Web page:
Healthcare benefits can be confusing, but they are essential to help you take control of your physical health and finances. One common type of benefit offered by employers is a flexible spending account (FSA). If you’re wanting to understand what a flexible savings account is and how to use it, keep reading.
What Is an FSA and How Does It Work?
A flexible spending account (also known as a flexible spending arrangement or an FSA) is an account you can use to pay out-of-pocket healthcare costs. For example, it helps you cover any co-pays your insurance doesn’t cover.
How does an FSA work?
When you have an FSA, you contribute a portion of your regular earnings to the FSA. This is money you contribute and it can’t be taxed. Putting money into the account lowers your taxable income. Your employer may also contribute to the account, but they aren’t required to.
Typically, you submit a claim to your FSA with proof of medical expenses. You’ll also need to make sure you can prove it wasn’t covered by your insurance. You’ll then receive reimbursement. In other cases, FSA funds go on a card, functioning like a debit card for healthcare expenses. Ask your employer how to use your account.
How do I set up an FSA?
First, make sure your employer offers an FSA. Employers don’t have to offer this benefit. If they do, you can enroll in or make changes to your HSA when you’re first hired, and during open enrollment (OE). Speak with your organization’s HR team if you need help.
Flexible spending account eligible expenses
When you have an FSA, not every healthcare expense is eligible. Only qualified expenses can be covered by an FSA, including any costs related to:
For example, you could use an FSA to pay for prescriptions, medical services, equipment, or transportation costs. You can even use it to cover over-the-counter medicine and feminine menstrual products.
What’s the Difference Between an FSA and an HSA
Many people get a flexible spending account (FSA) confused with a health savings account (HSA). This isn’t surprising because while they’re different, there are several ways the two are very similar.
So what’s the difference between an HSA and an FSA?
For one. employees have more control over an HSA. If you leave your job, you’ll still have access to your HSA. An FSA is employer-controlled, so if you leave your job, you lose those funds.
Additionally, you’re only eligible to open an HSA account if you have a high-deductible health plan (HDHP). If your insurance isn’t considered an HDHP, your only option is an FSA.
Contributing to Your FSA
How much you’re able to contribute to your FSA changes from year to year. From 2021 to 2022, the limit increased by $100. In 2022, you can contribute up to $2,850 to your health FSA. If your spouse has an employer-provided FSA, they may be able to also contribute to your FSA.
Do my FSA contributions roll over?
It depends on your employer. Sometimes, your FSA contributions won’t roll over if you don’t spend the money by your employer’s deadline. The deadline is often March 31st of the next year. However, some employers allow your funds to roll over into the following year. Other employers may offer a grace period after the deadline ends, where you can still access your money. Check with your employer to see whether your FSA funds expire, or if you can still use them after the annual deadline.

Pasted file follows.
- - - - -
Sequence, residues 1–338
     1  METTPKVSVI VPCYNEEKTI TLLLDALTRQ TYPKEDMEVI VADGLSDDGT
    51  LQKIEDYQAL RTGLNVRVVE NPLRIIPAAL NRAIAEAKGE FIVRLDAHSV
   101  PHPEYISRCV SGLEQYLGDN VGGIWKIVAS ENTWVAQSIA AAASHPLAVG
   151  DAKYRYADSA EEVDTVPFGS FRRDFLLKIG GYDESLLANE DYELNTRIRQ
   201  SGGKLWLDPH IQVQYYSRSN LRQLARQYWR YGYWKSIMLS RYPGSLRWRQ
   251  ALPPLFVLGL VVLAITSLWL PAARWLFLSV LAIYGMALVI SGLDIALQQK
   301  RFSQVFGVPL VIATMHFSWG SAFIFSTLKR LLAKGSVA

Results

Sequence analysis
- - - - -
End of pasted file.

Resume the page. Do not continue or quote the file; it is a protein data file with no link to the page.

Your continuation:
Does contributing to my FSA save me money?
Whether or not you save money depends on how you manage your FSA. Technically, yes, contributing to the FSA lowers your taxes and saves you money. However, if you’re contributing too much, and you’re not using all the money before it expires, you lose money. Overloading your FSA because it’s not taxable isn’t the best approach. You have to use all the money or you lose it.
Flexible Spending Account FAQs
What qualifies for a flexible spending account?
You qualify for an FSA if your employer offers one. However, your employer isn’t required to provide one to you.
Can I withdraw money from my FSA card?
No, you can’t withdraw cash or a check from your FSA card. The money on the card has to all be spent on eligible healthcare expenses, whether that’s in the form of reimbursements or debited from an FSA card.
What happens if you don’t use the money in your flexible spending account?
If you don’t use the money in your flexible spending account, your funds may be erased completely after the deadline. However, some employers allow your HSA funds to roll over, or they may offer a grace period where you can still use your money.
Is it worth having a flexible spending account?
FSAs can benefit your health and your wallet. As long as you learn how to properly manage the account in a way that optimizes your finances (and results in no losses), having an FSA is worth it.
What are the types of flexible spending accounts?
There are four types of FSAs:
- Healthcare FSA: This has been our focus throughout the entire article. They help your cover out-of-pocket healthcare expenses.
- Limited-purpose FSA: These also help your cover out-of-pocket healthcare expenses, but they’re limited. For example, you may only be able to use them for dental or vision care.
- Post-deductible FSA: If you have a high-deductible health plan (HDHP) policy, you might have the option to contribute to a post-deductible FSA.
- Dependent care FSA: These accounts can help you pay for medical care for your dependents.
A flexible spending account (FSA) can give you the power to manage your medical and healthcare costs — and potentially save thousands of dollars in the process. If your employer doesn’t offer an FSA option, you might want to consider other insurance options that can positively impact your health and your wallet.